8. All thee above: I think it’s good if people follow their heart and date people who best fit their personality and background. Because I raised in an college educated household in an upper middle class suburb I tend to relate best with other college educated, driven men.When I was younger I was not interested in dating outside my race. My parent are not down with the swirl in any kind of way and I’m almost positive when I was a teen they would have preferred me to be gay rather than be with a white guy.The problem I always ran into was the guys I liked were either too intimidated or too shy or just weren’t into me when I was into them. On top of that, the men I dated were often too fixated on the fact that I was light skinned with long hair. That always disgusted me. I wanted to be found attractive but I wasn’t interested in being some black dude’s light-skinned girl fantasy fetish exoticism.Also, there always seemed to be some backlash at a certain point. If the man I was dating was very dark skinned often there was this combination of jealousy, possessiveness and resentment towards me. And the light-skinned men I dated were often from different economic situations from me and resented me for that. In turn, focusing obsessively on my looks and demanding that I look ravishing all the time and never wear my hair curly because it turned them off and disgusted them.So sometimes I just wish they would date a white woman and leave me the hell alone.I dated one really great guy once back in Bakersfield who was black. I think if we had kept dating I would have fell in love with him, but we decided to stop seeing each other because he was a strict, devout, church four days a week Christian and I was a lazy Christmas-Easter Christian. As much as he liked me he really wanted to be with a girl who was fully committed to Christ. So we broke it off before we got in too deep.I think there are nice black men out there. I also think there are nice white, Asian, Arab, Punjabi, Hindu and Latino men out there. Good looking and smart are attractive qualities irregardless of race. But my heart still skips a little with the prospect of marrying another lazy Christian buppie who is gregarious and likes movies and is happy with himself and not all psychologically fraught with low-self esteem like a lot of black people.I know that at some point I want to get married again. I’d love for it to be someone like Aaron McGruder, but if I meet a Harry Connick Jr. I’m not going to complain.Moody’s: It cracks me up that Qunciy gave his daughters such “black” names too, but it’s not surprising. Many black people tend to assume that black men or women who marry white people are rejecting their blackness. I think that’s a little silly. While some may be, most are aware of their blackness and just happen to be attracted to white people. Folks can read that any way they want, but that doesn’t make Quincy or Tiger Woods or Halle Berry or even the actor I loathe the most, Taye Diggs, sell-outs.Folks really need to get out of that mindset. While some black/white pairings reek of racial fetish, most aren’t sinister and are not a repudiation of blackness.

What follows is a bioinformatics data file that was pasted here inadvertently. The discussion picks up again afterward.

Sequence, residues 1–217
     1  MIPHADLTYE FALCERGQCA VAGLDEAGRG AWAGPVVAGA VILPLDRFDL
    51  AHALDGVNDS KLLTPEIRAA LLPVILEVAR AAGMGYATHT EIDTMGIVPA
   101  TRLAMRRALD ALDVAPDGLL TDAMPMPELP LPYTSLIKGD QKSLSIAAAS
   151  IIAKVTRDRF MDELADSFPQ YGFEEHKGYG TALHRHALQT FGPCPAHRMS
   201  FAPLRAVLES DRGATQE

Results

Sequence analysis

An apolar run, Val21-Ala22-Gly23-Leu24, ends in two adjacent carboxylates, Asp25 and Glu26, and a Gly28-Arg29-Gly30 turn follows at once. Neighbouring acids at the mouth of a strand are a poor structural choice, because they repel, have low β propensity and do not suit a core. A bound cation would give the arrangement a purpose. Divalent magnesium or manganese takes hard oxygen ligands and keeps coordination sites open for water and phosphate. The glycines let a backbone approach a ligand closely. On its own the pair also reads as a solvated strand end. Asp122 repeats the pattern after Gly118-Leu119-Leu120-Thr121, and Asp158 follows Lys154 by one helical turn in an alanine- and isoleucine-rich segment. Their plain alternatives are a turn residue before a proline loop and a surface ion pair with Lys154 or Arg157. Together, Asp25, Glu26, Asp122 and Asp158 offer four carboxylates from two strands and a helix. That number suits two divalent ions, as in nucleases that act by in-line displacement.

9. Since she’s beautiful, smart, and independant, and black Derek Jeter wouldn’t be interested. Seriously, that is too bad because they would make a beautiful couple and a woman like her might finally fix that “incognegro” man’s clock.btw – your blog is a new favorite

  10. “I see a black woman when I look at Rashida, but I can see how others don’t.”Oh please. I see a BIRACIAL woman when I look at Rashida.

  11. anon: I did mention how that was my POV, not all and that I understood how others couldn’t. Some things are relative. I’ve had friends and family members who have looked like Rashida and some who could have passed for white. They all identified themselves as black because that was how they saw themselves. So that wasn’t an effort by me to deny Rashida’s diverse background.